Are you outside by yourself? Do you get scared? What do you do to protect yourself?
I receive these questions until this day.
What is the reason I receive these questions from strangers on the trail? Is it because I am female, Latina, or do I like out of place, or vulnerable?
My first taste of being alone was when I ran a mile out from home. I was 8-10, and my dad gave me mace for protection. In 2006 I started moving alone. I moved to San Antonio, ATX, and SF. In 2009 I started going to concerts alone, and now I go on solo hikes.
Rewind, who gives their 8-year-old daughter pepper spray and teaches them about outdoor safety? A concerned Latino father, that’s who.
How did my Latino parents handle it all and with the PCT? They cringed. My mom probably said a million rosaries and lit a million candles at the church. But – I called my mom when I could, and I paid an extra $550 to keep in contact with her (SMS) on the trail through with my Garmin InReach.
TBH, that fear from mi familia and the public got to me. It’s challenging to overcome. I feel as if being Hispanic, that fear is more ingrained into your system. And who wants to live their life in fear? Who can relate?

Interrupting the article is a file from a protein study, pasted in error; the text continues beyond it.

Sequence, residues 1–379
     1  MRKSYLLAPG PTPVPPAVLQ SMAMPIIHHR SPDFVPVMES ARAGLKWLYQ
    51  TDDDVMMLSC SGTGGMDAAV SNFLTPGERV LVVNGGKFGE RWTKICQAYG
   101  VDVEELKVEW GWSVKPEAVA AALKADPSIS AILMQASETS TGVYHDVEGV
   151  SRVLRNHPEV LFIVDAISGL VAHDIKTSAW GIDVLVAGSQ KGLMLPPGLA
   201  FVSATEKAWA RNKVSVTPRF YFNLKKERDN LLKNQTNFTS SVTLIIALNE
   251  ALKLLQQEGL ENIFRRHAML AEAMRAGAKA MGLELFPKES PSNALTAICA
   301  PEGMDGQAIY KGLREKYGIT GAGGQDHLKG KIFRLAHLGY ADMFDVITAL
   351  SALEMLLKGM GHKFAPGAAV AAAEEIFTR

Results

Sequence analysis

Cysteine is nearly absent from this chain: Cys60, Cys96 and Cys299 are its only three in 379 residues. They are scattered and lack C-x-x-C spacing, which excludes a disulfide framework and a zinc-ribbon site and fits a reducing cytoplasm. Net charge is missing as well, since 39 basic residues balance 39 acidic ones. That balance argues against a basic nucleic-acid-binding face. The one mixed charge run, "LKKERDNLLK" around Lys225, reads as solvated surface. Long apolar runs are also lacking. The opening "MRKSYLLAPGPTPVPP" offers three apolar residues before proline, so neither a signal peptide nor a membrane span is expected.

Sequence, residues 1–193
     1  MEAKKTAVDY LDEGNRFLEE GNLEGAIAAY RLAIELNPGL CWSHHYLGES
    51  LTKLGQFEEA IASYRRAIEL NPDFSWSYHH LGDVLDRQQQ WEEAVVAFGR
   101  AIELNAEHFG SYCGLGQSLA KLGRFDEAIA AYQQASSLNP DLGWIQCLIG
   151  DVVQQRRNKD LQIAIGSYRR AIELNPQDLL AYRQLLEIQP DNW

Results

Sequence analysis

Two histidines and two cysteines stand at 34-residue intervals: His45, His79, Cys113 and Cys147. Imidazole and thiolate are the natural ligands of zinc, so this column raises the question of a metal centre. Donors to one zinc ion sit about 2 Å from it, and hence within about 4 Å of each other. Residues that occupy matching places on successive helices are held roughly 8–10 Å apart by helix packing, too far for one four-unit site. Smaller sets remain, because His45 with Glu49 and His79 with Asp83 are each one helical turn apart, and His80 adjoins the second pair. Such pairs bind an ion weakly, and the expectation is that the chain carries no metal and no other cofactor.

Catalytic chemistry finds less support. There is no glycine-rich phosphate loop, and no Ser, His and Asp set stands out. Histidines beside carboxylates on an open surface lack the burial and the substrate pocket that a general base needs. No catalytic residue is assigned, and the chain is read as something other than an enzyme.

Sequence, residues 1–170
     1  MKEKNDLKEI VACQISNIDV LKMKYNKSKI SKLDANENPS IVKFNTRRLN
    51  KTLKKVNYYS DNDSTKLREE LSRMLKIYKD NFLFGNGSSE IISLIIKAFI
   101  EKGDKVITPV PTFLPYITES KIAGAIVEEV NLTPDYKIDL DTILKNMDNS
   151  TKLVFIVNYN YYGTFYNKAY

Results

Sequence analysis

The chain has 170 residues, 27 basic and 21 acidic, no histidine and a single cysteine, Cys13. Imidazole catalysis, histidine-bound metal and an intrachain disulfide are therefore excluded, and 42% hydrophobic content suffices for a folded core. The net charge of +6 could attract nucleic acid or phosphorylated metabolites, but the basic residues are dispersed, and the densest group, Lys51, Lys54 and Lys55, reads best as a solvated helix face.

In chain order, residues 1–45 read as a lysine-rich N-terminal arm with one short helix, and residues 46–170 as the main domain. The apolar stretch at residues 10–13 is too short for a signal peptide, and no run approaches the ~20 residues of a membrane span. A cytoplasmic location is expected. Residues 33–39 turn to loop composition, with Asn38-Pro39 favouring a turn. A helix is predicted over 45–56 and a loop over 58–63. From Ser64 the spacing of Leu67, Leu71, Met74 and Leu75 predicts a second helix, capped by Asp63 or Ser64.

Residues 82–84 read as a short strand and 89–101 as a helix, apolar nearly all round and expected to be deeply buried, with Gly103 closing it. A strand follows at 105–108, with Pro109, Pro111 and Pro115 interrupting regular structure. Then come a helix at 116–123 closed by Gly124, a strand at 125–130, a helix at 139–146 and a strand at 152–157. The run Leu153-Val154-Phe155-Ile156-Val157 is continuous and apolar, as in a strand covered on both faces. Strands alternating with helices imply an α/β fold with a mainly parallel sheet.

What helped me get through the fear? It took me 20+ years. Since you don’t have 20+ years, I’d thought of leaving resources of my two favorite accounts that can help you.⠀⠀⠀⠀⠀⠀⠀⠀⠀
@girlsfightback <- Follow ⠀⠀⠀⠀⠀⠀⠀⠀⠀
@adventuresofnik CEO & Founder she also leads hikes for @blackgirlstrekkin ⠀
Drop a comment about who to follow for self-defense and the outdoors. If you have tips on how to calm your parents when adventuring, feel free to share.⠀⠀⠀⠀⠀⠀⠀⠀⠀
I’d love to write about different ways to educate your parents or alleviate their fears when adventuring alone. I have a few, but I’d love to know what others do.